Monday, 24 March 2014

Bedroom Farce

Here's a new twist to the Holyrood expenses saga - MSPs billing taxpayers for empty beds.
It turns out MSPs can claim expenses for "non arrival" charges if they fail to use a hotel room.

The parliament is being very tight-lipped about the issue, refusing to go beyond saying there have been six instances in the current financial year, 2013-14.
Of these, four are logged on the public expenses database, and two are pending.
Officials won't say how many cases there were in 2012-13.

However I've managed to find four instances in 2012-13 and three in 2013-14 so far.
The biggest claimer was SNP MSP Joan McAlpine, with three counts that I know of.
Four other MSPs have claimed single instances, from what I can tell.
Labour say Ms McAlpine should "do the right thing" and repay the money.

Here's the full story:

Tom Gordon
AN MSP at the centre of an expenses row billed taxpayers hundreds of pounds for hotel rooms she never stayed in, it has emerged.
Joan McAlpine, an SNP list MSP for the South of Scotland and a parliamentary aide to the First Minister, claimed almost £300 for rooms she didn’t use in 2012 and 2013.
The expenses are recorded as “non-arrival charge” and “no show” in official files.
Ms McAlpine refused to explain the empty rooms, however the SNP attributed them to personal reasons.
The claims were within Holyrood's rules, but Labour said Ms McAlpine should “do the right thing” and repay the money.

There have been at least nine instances of MSPs reclaiming such charges in 2012-13 and 2013-14, however the parliament refuses to say how many exactly, or name the MSPs involved.

Joan McAlpine
Ms McAlpine, 52, a former journalist elected in 2011, is already facing to calls to resign as Alex Salmond’s aide after using her expenses to pay £1750 to the wife of a former lover.
Ms McAlpine claimed the money in early 2012 for hiring photographer Jane McLachlan.
Before she became an MSP, McAlpine had an affair with the woman’s husband, Mark McLachlan.
Ms McAlpine repaid the £1750 on 18 October 2012.
According to Mrs McLachlan, this was only five days after she discovered the affair and threatened to expose it.
Mrs McLachlan told a newspaper the 10 days of photography work - which was paid in advance - was never completed and accused the MSP of trying to “cover her tracks”.
Ms McAlpine has asked Holyrood’s Presiding Officer to consider whether the £1750 claim breached any rules and a report is being prepared for the Scottish Parliamentary Corporate Body.
The new controversy concerns three missed nights at Edinburgh hotels.
In 2012, Ms McAlpine claimed £101 for a “non arrival charge” for 12 November and a further £101.50 for 10 December.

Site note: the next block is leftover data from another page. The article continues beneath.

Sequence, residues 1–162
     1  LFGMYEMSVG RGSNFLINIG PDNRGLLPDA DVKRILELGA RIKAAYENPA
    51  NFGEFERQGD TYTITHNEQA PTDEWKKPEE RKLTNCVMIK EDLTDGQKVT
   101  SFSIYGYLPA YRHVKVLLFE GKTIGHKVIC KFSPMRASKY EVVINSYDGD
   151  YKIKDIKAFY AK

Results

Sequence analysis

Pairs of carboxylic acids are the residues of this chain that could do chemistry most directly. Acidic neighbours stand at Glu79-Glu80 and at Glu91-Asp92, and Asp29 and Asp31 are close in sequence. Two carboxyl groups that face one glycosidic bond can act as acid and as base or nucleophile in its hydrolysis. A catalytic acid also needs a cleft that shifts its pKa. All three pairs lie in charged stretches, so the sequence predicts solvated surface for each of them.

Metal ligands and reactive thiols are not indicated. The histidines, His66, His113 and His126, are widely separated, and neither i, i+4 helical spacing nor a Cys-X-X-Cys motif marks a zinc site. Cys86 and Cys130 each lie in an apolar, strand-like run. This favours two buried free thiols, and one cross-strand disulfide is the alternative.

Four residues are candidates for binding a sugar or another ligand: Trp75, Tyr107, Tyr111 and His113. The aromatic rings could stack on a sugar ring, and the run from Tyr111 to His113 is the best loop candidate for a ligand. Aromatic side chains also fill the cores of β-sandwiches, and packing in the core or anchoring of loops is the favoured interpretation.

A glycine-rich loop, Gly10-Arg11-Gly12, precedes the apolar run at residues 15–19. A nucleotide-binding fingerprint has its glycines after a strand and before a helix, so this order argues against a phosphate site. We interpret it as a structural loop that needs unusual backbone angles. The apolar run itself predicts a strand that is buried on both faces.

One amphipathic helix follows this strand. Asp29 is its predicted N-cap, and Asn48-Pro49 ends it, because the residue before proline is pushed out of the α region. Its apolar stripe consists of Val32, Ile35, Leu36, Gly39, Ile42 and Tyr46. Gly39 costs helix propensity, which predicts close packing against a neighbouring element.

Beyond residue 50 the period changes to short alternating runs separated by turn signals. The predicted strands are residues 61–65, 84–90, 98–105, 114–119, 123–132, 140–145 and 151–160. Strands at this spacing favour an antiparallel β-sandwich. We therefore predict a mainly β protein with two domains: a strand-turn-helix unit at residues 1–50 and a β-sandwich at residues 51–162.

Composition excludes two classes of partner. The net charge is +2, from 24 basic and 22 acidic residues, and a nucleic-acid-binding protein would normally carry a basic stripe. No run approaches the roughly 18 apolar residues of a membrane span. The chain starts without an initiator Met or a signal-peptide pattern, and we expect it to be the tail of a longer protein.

She also claimed £95 for a hotel “no show” on 25 August last year.
The non-arrival charges recorded in the parliament's database
According to Holyrood records, she incurred no such charges while staying outside Edinburgh.

Although the claims amounted to only £297.50 from a total Edinburgh hotel bill of more than £15,000 since her election, Labour said Ms McAlpine should still repay it.
A spokesman said: “Joan McAlpine needs to explain why she thinks taxpayers should pay for hotel rooms she booked at their expense but did not turn up to.
She should do the right thing and pay the money back.”
An SNP spokesman said: “Illness and last minute family reasons meant Joan had to return home on these occasions at short notice. This only happened on a very small number of occasions, and was done in the full knowledge of the parliament’s allowances office who permitted the payment.”
Ms McAlpine did not respond to a request for comment.
However, speaking on her behalf, lawyer Aamer Anwar said: “It would be impossible for Joan McAlpine or any other MSP to predict what might happen during the course of a working day.
There has been no breach of rules. Last minute cancellations can happen from time to time.”
Four other MSPs are also known to have claimed for non-arrival charges.
In 2012-13, Deputy First Minister Nicola Sturgeon claimed £95 for 30 October 2012 and Local Government Minister Derek Mackay claimed £113 for 28 March 2013.
In 2013-14, Community Safety Minister Roseanna Cunningham claimed £95 for 21 May 2013, and Labour list MSP for Glasgow Anne McTaggart claimed £113 in October 2013.
All four claims related to Edinburgh accommodation.
However the parliament's refusal to disclose further details - without recourse to FoI - means this is an incomplete picture.
Non arrival charges claimed by other MSPs
A Scottish Parliament spokeswoman said it was legitimate for MSPs to claim hotel costs in relation to their parliamentary duties.
She said: “Situations may arise at very short notice where it is not possible for the Member to stay overnight in Edinburgh and as a result a cancellation or non-show fee may be charged.”


  1. Good grief. This is a normal type of expenditure for anyone in a job that requires travel. There is travel insurance to cover the need to cancel flights when necessary, but I don't know of one to cover hotels.

    Let's make a mountain out of a mole hill, why not?